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Former Holden boss takes over GM’s global product planning

By Barry Park, 22 Jun 2018 Industry

Former Holden boss takes over GM’s global product planning

Mark Reuss, who steered the Australian arm through its darkest days, takes on a larger role in GM

A FORMER Holden boss has risen even higher through the ranks of global car-making giant General Motors, taking on responsibility for Cadillac as well as GM’s global portfolio planning.

Mark Reuss, an automotive engineer who steered Holden through its parent company’s 2008 bankruptcy – including talk that GM would sell off its Australian subsidiary – will take on some of the responsibilities formerly under the wing of global president Dan Ammann, Automotive News has reported.

This will free up Ammann to better concentrate on the car maker’s autonomous vehicles program, the report said. GM is yet to release a formal statement announcing the moves.

However, one of Reuss’s tasks will now be deciding what GM will do about the German-built, French-owned Holden ZB Commodore. Groupe PSA, the car’s new owner that also counts Citroen and Peugeot among its brands, has announced it will need to accelerate the shift of Opel products it bought from GM last year to its own platforms, giving the Commodore a shorter-than-expected lifespan that could be as little as five years.

2019 Chevrolet C8 Corvette (Wheels illustration)He will also oversee the introduction of the next-generation Chevrolet Corvette to Australia, potentially including a mid-engined Zora that in its early stages was developed on a Holden Commodore ute-based mule.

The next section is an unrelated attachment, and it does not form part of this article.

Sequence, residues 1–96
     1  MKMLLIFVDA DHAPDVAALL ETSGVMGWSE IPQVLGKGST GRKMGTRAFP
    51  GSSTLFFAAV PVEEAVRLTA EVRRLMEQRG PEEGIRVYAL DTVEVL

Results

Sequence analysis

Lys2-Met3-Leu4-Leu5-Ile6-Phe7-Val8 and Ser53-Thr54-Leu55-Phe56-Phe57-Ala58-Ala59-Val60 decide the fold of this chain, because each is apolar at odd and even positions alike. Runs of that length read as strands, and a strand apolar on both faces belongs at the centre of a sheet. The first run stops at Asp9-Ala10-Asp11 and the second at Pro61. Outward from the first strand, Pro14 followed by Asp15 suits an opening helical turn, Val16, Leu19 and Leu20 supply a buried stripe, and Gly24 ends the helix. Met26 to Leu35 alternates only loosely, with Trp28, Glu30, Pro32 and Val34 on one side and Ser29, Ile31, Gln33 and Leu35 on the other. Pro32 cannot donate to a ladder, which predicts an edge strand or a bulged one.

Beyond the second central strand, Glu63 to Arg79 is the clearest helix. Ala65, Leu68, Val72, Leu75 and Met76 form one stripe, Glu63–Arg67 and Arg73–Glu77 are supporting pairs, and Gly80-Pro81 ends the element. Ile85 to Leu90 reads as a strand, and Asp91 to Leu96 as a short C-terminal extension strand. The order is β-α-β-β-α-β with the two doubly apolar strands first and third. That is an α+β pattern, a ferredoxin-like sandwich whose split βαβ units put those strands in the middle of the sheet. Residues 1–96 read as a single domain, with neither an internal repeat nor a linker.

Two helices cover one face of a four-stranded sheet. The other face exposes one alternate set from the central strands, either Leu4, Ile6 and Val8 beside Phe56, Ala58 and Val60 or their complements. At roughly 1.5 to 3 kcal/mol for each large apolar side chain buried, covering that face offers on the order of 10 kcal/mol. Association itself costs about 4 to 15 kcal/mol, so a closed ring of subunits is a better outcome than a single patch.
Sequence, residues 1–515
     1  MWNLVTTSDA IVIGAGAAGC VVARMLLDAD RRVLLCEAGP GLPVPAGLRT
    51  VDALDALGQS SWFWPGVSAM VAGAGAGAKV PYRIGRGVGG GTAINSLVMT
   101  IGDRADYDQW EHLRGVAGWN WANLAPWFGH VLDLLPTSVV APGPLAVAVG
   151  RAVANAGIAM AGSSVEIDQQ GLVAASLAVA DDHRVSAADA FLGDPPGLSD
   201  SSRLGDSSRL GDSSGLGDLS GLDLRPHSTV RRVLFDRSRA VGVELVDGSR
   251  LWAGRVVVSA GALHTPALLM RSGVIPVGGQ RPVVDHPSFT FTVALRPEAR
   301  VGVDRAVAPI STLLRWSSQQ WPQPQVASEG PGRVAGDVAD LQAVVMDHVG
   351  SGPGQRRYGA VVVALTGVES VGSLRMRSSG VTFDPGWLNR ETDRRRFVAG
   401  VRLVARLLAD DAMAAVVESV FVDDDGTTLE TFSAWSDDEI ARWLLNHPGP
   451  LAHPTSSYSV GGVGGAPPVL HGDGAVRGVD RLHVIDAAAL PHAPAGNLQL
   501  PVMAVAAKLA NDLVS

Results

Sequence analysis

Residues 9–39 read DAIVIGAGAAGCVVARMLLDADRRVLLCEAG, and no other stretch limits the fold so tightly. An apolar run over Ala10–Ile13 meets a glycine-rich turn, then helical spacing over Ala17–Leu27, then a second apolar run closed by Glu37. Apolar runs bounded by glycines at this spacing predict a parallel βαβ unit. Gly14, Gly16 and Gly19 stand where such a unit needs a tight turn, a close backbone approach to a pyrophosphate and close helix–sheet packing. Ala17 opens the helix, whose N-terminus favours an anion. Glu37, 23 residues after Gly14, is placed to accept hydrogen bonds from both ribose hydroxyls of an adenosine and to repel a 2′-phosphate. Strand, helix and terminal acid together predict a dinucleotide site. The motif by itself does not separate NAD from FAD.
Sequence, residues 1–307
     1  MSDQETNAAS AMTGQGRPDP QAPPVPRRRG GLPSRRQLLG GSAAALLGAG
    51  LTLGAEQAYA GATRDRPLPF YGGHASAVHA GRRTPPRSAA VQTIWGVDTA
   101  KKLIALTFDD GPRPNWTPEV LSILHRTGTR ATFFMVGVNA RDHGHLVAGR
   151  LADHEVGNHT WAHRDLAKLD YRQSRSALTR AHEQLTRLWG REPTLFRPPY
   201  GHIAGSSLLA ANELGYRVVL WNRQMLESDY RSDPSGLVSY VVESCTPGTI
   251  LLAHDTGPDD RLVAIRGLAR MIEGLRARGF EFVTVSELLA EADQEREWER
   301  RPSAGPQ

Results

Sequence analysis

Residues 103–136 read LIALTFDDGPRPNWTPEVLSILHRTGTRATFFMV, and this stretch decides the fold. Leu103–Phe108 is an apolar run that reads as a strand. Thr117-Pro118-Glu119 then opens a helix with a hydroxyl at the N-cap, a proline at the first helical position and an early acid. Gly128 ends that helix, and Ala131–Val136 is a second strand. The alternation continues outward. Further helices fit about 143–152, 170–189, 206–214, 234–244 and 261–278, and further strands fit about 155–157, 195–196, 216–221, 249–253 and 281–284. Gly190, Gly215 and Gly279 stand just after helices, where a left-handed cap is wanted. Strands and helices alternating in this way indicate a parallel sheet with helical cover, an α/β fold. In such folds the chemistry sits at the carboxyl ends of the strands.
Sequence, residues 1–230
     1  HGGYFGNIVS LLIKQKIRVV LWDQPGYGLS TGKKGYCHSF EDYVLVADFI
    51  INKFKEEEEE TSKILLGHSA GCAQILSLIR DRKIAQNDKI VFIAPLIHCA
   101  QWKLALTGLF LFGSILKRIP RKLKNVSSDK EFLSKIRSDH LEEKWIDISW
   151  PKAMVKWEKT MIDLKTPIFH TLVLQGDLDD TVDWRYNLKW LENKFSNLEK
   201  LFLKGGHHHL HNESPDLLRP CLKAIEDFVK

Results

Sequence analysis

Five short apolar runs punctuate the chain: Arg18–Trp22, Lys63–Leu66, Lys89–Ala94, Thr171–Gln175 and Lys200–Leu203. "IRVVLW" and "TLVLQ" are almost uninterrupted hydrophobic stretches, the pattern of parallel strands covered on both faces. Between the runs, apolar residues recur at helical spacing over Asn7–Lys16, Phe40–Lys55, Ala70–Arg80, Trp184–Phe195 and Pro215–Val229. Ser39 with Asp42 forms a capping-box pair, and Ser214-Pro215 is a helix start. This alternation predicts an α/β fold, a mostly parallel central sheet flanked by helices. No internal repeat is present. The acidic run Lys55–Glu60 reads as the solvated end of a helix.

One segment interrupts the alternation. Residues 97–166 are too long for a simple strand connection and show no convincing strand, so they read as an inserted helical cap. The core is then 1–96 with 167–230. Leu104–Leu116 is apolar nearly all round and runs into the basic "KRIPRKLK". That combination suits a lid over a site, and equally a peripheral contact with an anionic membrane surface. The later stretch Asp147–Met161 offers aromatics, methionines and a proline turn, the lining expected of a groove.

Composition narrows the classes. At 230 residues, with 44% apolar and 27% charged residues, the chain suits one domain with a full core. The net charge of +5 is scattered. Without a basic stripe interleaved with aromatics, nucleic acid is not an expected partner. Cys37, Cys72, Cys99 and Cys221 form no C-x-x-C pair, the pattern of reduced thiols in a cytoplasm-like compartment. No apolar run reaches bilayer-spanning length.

Automotive News said Ammann would remain as GM's president, while Reuss' title would change from executive vice-president, global product development, to executive vice-president and president, global product group and Cadillac.

GM has announced ambitious plans to make a fully self-driving vehicle – one without a steering wheel and pedals – by the end of next year. It will be built on top of the Chevrolet Bolt battery-electric vehicle platform, and serve duty as a ride-hailing service, part of a move to offset what car makers believe will be a sharp decline in car ownership in favour of car sharing.

“General Motors is the first automaker to use mass-production methods for autonomous vehicles (AV) and is the only company to produce self-driving vehicles at scale,” it said. “Marking a significant milestone, the company announced that production versions of the Cruise AV will be built at General Motors’ Orion assembly plant in Michigan, with commercialisation in 2019.”

The US car maker has flagged plans to have 20 all-electric vehicles on the market by 2020, and has recently signed an agreement to share battery technology development with Japanese car-making giant Honda.

Its GM Cruse autonomous vehicle program has also recently attracted a $US2.25 billion ($A2.75 billion) investment with Softbank Vision, a global technology fund, which will take an almost 20 percent stake in the venture.

Reuss famously owned a 1950s-era Holden FC Special, bought as a restoration project during his time in Australia and shipped back to the US after Reuss’s recall to head up GM’s North American business cut his stay unexpectedly short. It now resides among GM's heritage collection in Detroit.

Reuss more recently famously crashed the most powerful Corvette ever to roll out of Chevrolet’s Bowling Green assembly plant, the ZR1, which was acting as a pace car for the Chevrolet-sponsored Indy 500 race. The car was leading out the 33-strong field on its warm-up lap when the Corvette hit a bump on the first corner and oversteered, hitting the wall hard.